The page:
Me and my kiddo

Me and my kiddo

Monday, January 3, 2011

Finding Objectivism

This is an odd first post of the new year, but, as I returned from holiday travels, I thought that this philosophical journey was one worth sharing.  I've told this story so many times, but rarely the full version and, because my path to finding Objectivism was particularly unusual and dramatic, I wanted to finally write it down.

I graduated high school at seventeen and decided that I would spend my first year of college in Israel.  I joined a program called Nativ that was "dedicated to creating and inspiring the Conservative Jewish leaders of tomorrow."  I took ideas seriously and went filled with enthusiasm for the adventures I felt sure awaited me.  I did have adventures and became quite proficient at hopping buses for solo travel to any destination picked by my curiosity.  One day, about four months into this experience, I was strolling down Ben Yehuda Street in Jerusalem.  I had finished another university class and knew I'd be leaving for a couple months of working on Kibbutz Sa'ad soon.  I was stocking up on books to read, something to do when I wasn't milking cows or strolling the almond orchards.  One of the books I picked up was Atlas Shrugged.  It was one of many I gathered from the used book store.  I knew the author.  I had read The Fountainhead in high school and thought it was a just another good book.  I did not have any clue what I was in for when I began reading Atlas Shrugged.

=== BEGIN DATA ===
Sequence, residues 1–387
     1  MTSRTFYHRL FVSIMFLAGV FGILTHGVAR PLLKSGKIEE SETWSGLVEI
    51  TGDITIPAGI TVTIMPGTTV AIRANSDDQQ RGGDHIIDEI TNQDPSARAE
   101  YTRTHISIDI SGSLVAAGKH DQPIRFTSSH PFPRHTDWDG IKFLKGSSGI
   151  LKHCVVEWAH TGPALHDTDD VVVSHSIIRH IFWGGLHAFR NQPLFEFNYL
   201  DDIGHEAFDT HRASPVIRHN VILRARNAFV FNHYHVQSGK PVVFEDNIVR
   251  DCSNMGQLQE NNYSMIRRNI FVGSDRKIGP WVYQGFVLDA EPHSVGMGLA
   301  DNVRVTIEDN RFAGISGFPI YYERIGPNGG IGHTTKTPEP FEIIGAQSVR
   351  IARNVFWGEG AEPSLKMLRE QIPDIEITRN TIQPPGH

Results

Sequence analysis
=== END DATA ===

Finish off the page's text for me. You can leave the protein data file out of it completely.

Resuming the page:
My kibbutz days were mellow.  I loved taking care of the calves and grabbing a carrot or pomelo from the fields while on a stroll.  From the top of the water tower, you could see Gaza and the kibbutz was surrounded by protective fencing, but I didn't have any experiences of danger.  It was just a secluded spot and I began to read through my books.  I don't have a clear recollection of the process of reading Atlas Shrugged, but I vividly remember where I was when I finished it.

There was a trip offered by Nativ.  It was not a pleasure trip.  It was a trip to Poland.  It was called The March of the Living because, in addition to other experiences, those who attended walked the path from Aushwitz to Birkenau which had been called the "March of Death".  Aushwitz Birkenau was the largest concentration camp built by the Nazis.  I decided I wanted to participate in this trip and took a summer job to pay the additional costs.

I was in Poland when I finished reading Atlas Shrugged.  I was in a desperate moral crisis.  I remember the concentration camp of Majdanek especially with it's buildings full of shoes, double barbed wire fences, and ovens for the bodies.  I sat on the edge of mausoleum looking at a small mountain of people's ashes and every fiber of my being "naturally" wanted to pray.  The atrocities were so great and the tears and anguish so close.  Every thought of "My god!" was answered by another though, "Do I believe in god?"   My coping strategy was to give myself permission to answer that question over time.